My chemo is officially underway. The actual infusion was yesterday, but the process started Monday, when I began two-a-day doses of dexamethosone (Decadron) a steroid to help reduce side effects of the chemo.
Yesterday I started the day with some more Decadron and an application of EMLA cream over my port to beginning numbing the skin for the needles to come. Saw the nurse first. She sterilized the port area, inserted a sort of connector for access by all parties during the day, covered the site with a sterile patch, and drew some blood for standard pre-infusion testing.
Then I saw the medical oncologist, my primary doctor now, who showed me the images from the PET/CT scan. The only spot that showed up as possible cancer were the lymph nodes in my chest, just behind the bone where the tumor was removed. He said the brightness could be either cancer or inflammation from the surgery. Obviously, it will be attacked as though it’s cancer.
He then explained the chemo drugs he was going to use, and why he made those selections, and it tracked with everything I’d been reading and had heard from him before. It will be a sort of modified TCH* regimen. Normally the so-called TCH regimen is Taxotere, Carboplatin, and Herceptin. In my case the C is Cytoxan, similar to Carboplatin but easier on my heart. (Turns out my heart is in good shape for my age; ejection fraction is 62.7%. Neither of us wants to mess that up.) My first four “cycles” or infusions, 3 weeks apart, will include those three drugs. Then it will be Herceptin alone every three weeks for a year. Sometime in October or thereabouts I’ll get the radiation, 5 days a week for 6.5 weeks, while the Herceptin continues.
I can only describe the infusion center as beautiful. Cheerful yellow walls, west wall almost solid windows overlooking a broad balcony and garden (numerous, beautiful potted plants and shrubs). But for some haze, could have seen the mountains between the buildings. A total of about 38 treatment stations, mostly in cubicles (actually more like rooms, with divider walls going to the ceiling) with two stations in each, separated by privacy curtains if you want to use them. With good luck, which I had, you get a private cubicle with only one station. I had a view, a table full of magazines, plugs for computer, wifi, a small private TV with headphones, heated blankets and pillow if I wanted. There were three nurses’ stations, one directly behind me. A bit farther away, restrooms, private bedrooms if someone got really sick, a snack bar with assorted snacks, soft drinks, fridge, and microwave. Two cafes downstairs if my daughter-in-law wanted to go down for something. We ordered lunch in with delivery directly to the infusion center from Jimmy John’s. Talk about first class accommodations!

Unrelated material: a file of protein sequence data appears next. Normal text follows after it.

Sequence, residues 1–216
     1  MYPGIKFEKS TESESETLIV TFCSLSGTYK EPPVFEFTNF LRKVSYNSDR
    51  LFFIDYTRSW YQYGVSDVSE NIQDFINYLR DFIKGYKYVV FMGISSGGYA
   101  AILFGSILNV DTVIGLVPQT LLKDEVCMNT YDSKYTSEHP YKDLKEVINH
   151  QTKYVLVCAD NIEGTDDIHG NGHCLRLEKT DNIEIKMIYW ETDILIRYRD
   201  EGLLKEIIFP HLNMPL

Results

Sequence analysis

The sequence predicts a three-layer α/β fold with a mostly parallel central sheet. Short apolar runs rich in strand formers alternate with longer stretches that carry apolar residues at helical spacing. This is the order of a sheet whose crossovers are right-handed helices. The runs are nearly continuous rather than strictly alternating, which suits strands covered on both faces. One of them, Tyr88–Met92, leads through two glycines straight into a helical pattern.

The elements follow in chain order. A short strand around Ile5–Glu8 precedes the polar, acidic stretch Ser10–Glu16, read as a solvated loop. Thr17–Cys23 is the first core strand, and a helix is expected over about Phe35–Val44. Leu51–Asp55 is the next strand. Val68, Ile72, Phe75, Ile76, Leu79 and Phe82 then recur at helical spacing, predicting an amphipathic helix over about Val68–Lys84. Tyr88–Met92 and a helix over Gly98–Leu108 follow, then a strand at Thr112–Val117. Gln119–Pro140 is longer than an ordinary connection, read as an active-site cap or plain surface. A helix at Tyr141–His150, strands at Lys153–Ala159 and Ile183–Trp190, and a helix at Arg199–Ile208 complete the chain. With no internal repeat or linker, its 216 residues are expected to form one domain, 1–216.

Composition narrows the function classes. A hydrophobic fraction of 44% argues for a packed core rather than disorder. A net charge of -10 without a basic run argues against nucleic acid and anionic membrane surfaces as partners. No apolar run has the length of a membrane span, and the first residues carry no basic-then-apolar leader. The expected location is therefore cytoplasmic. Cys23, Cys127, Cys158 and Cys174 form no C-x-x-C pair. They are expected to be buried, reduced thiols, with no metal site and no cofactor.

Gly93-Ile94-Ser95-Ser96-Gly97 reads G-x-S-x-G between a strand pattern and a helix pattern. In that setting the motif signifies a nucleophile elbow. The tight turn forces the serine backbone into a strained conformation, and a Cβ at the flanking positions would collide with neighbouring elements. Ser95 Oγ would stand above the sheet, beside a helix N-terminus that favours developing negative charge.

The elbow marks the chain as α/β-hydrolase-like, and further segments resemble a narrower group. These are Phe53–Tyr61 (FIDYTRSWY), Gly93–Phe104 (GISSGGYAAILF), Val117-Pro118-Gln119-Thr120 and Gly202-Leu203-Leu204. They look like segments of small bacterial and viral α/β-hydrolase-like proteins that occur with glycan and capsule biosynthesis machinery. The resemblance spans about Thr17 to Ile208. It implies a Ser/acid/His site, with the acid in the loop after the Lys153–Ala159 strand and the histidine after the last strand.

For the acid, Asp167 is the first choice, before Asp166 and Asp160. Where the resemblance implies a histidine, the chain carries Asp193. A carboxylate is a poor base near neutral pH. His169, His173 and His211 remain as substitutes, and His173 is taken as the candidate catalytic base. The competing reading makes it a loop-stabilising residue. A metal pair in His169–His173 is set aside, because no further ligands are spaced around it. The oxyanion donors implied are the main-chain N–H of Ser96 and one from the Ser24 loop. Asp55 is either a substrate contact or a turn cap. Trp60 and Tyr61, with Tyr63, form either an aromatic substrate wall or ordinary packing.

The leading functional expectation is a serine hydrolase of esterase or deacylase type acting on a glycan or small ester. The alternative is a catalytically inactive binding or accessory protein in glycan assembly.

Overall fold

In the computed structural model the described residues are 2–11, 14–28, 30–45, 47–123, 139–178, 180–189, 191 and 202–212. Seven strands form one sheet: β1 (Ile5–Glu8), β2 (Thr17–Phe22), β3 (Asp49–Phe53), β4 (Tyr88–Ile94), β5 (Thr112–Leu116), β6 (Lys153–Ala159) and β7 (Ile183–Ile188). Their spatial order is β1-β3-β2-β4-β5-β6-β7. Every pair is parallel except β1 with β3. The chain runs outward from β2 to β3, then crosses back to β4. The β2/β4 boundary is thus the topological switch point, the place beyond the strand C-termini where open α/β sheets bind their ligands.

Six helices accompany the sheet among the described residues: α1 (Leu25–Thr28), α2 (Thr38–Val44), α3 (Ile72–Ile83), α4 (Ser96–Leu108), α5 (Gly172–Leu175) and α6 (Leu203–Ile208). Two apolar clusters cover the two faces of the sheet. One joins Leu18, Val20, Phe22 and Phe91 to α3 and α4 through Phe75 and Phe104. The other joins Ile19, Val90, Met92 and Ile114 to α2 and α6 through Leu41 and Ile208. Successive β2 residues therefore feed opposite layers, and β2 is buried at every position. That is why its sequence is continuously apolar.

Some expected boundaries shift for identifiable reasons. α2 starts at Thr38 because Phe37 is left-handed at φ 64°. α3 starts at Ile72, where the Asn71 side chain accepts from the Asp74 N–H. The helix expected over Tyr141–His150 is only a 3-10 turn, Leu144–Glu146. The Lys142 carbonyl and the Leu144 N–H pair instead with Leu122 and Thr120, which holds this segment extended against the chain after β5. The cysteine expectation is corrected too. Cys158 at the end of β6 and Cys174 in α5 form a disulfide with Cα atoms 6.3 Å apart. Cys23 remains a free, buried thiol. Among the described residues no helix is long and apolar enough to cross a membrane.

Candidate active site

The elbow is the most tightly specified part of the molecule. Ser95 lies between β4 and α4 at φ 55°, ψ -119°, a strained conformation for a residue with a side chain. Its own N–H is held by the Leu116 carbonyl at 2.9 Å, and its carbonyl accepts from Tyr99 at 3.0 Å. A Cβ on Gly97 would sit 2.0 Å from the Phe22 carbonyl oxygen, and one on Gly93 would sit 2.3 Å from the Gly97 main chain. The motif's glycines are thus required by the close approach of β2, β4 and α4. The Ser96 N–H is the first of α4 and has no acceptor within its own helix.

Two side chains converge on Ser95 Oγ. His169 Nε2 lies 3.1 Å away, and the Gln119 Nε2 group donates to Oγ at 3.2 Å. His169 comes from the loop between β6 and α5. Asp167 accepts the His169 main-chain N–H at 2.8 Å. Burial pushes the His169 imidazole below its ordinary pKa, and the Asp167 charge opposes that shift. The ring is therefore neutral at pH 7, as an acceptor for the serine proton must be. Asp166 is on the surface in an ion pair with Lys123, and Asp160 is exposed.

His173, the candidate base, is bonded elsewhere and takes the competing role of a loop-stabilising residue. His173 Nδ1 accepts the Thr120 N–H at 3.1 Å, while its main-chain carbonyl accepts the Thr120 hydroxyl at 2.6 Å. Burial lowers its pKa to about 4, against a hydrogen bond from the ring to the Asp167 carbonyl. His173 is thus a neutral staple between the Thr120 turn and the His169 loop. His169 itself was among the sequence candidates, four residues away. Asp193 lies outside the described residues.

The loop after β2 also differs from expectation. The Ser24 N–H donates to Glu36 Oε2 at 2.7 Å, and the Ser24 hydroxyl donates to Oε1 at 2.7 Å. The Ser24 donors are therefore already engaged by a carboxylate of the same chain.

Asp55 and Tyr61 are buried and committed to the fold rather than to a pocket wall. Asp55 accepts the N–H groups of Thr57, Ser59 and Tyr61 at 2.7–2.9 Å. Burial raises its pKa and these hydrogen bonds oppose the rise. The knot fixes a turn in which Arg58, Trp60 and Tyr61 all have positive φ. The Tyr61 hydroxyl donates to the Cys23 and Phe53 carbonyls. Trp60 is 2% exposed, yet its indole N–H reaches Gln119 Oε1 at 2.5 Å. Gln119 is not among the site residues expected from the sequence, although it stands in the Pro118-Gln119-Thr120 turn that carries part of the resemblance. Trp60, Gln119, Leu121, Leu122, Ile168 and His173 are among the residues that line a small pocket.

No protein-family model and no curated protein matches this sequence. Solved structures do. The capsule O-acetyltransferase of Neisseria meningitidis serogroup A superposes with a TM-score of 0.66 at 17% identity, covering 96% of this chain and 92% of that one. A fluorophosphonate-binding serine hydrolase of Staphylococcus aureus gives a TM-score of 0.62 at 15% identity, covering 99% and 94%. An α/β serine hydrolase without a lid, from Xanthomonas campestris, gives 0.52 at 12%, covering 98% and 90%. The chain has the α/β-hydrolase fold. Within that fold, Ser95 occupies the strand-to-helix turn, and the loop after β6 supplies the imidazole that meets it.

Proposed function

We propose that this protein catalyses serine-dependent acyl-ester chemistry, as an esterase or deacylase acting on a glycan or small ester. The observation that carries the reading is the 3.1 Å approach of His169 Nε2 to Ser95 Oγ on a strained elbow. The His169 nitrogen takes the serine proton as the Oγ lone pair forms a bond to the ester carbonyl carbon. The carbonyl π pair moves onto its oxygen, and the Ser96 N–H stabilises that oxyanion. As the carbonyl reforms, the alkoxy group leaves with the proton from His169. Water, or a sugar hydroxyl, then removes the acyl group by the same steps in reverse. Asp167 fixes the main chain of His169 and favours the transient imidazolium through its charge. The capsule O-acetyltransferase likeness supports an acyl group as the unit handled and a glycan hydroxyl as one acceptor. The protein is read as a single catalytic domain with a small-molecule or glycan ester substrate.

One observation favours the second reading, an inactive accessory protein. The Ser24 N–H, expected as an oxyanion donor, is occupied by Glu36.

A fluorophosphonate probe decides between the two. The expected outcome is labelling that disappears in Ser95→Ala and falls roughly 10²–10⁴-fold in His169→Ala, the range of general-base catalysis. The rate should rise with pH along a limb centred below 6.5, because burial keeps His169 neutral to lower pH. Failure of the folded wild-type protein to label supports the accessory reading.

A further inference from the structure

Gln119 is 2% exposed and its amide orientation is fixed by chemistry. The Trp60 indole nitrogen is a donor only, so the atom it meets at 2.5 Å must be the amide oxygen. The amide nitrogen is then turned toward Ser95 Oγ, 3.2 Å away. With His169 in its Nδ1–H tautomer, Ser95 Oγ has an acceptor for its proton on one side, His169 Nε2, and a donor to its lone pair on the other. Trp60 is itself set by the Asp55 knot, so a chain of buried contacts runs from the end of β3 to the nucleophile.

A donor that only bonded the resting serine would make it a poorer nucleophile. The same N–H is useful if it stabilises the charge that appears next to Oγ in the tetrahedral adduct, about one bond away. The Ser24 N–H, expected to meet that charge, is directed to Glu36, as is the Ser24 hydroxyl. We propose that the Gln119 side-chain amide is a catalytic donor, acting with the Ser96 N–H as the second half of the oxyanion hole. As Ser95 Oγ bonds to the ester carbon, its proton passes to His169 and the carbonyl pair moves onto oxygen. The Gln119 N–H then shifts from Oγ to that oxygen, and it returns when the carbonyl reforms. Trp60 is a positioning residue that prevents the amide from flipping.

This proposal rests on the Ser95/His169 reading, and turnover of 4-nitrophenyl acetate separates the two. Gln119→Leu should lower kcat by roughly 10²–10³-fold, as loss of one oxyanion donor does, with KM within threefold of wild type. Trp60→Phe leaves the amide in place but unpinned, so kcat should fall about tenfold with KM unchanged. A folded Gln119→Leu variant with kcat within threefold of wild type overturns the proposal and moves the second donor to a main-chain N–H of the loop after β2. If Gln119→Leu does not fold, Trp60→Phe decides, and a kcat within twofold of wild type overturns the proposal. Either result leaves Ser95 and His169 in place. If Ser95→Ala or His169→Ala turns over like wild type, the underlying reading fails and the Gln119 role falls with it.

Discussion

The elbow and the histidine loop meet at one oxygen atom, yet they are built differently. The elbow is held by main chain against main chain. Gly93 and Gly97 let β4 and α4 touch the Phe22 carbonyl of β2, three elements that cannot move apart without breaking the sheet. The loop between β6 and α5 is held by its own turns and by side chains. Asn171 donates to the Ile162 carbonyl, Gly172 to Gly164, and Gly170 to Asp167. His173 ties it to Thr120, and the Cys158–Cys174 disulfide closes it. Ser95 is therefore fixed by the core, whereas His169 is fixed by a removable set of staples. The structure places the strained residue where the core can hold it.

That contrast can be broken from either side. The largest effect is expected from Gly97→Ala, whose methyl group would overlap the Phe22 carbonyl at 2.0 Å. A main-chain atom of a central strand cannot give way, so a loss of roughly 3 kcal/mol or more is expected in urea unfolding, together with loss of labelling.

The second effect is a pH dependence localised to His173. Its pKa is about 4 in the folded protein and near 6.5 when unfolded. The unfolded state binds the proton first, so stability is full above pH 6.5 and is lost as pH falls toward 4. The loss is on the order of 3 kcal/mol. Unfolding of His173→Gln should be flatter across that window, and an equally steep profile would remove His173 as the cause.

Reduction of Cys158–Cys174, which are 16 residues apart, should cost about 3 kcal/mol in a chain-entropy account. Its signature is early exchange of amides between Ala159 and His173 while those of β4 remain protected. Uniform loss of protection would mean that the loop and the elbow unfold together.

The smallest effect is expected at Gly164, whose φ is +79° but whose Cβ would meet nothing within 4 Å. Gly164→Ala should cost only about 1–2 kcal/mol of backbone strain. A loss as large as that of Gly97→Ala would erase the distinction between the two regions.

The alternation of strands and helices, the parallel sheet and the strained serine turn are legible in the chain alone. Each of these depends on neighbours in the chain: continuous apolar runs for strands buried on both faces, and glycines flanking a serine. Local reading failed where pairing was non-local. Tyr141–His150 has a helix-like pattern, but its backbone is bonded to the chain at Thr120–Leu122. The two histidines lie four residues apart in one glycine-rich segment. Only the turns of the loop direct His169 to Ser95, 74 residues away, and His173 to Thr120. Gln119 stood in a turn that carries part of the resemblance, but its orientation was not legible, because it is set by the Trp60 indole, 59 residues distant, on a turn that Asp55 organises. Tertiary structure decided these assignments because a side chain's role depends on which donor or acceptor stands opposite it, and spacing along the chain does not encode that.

Best of all, I had no adverse reactions to anything. Just lay there passing the time and went home. I was fully stocked up on all the drugs I might need to counteract the side effects of all the chemo drugs (about half of which were to counteract the side effects of the TCH drugs). If it sounds a bit insane to you, imagine how it sounds to me!
I even got a great night’s sleep last night after adding Benadryl to the Ativan and Ambien.
This afternoon was fun in a different way. I was due back down there at 4:30 for my Neulasta shot (chemo seriously reduces your white blood cell count, leaving you vulnerable to infections; Neulasta stimulates production of the cells for a faster rebound to normal levels). I had no sooner walked in and signed in than the ominous skies became a full-fledged tornado warning. Hospital loudspeaker telling everyone repeatedly to institute emergency procedures, which meant moving everyone to interior hallways. About the time we got settled in the hall, every cell phone in the place started sounding its alarm. (I’d heard about this happening at my son’s office and couldn’t imagine that many cell phones sounding off simultaneously. It’s pretty bizarre. And yes, I know, I’m years behind the curve when it comes to cell phones.)
So we all hung around in the hallways for maybe an hour. Fortunately there were lots of little offices and cubicles along the corridor with lots of chairs. The DIL was on the phone off and on checking on the kids, who were home alone for one of the first times, and there were storms out there too. But they were fine; the house has a basement and the kids are old enough to follow instructions. They even managed to get most of the 7 (?) dogs and cats into the basement.
The cellphones kept warning about flash flooding and flooded streets, so after I finally got my shot, we ate at the cafe downstairs while the streets drained a bit. I finally got home about 7:30 this evening.
I’m trying not to be too confident about how well things are going. Fatigue is supposed to set in a few days from now but I’m not sure how that will affect me since I don’t do much anyway. How does fatigue ruin a couch potato’s day?
However it goes, it will be three weeks before I do all this again. In the meantime, I’m going to enjoy the rest!
*The acronyms for the different drug regimens get confusing because although they are based on the first letter of the drug names (some of which start with the same letters), they sometimes refer to the generic name and sometimes the brand name.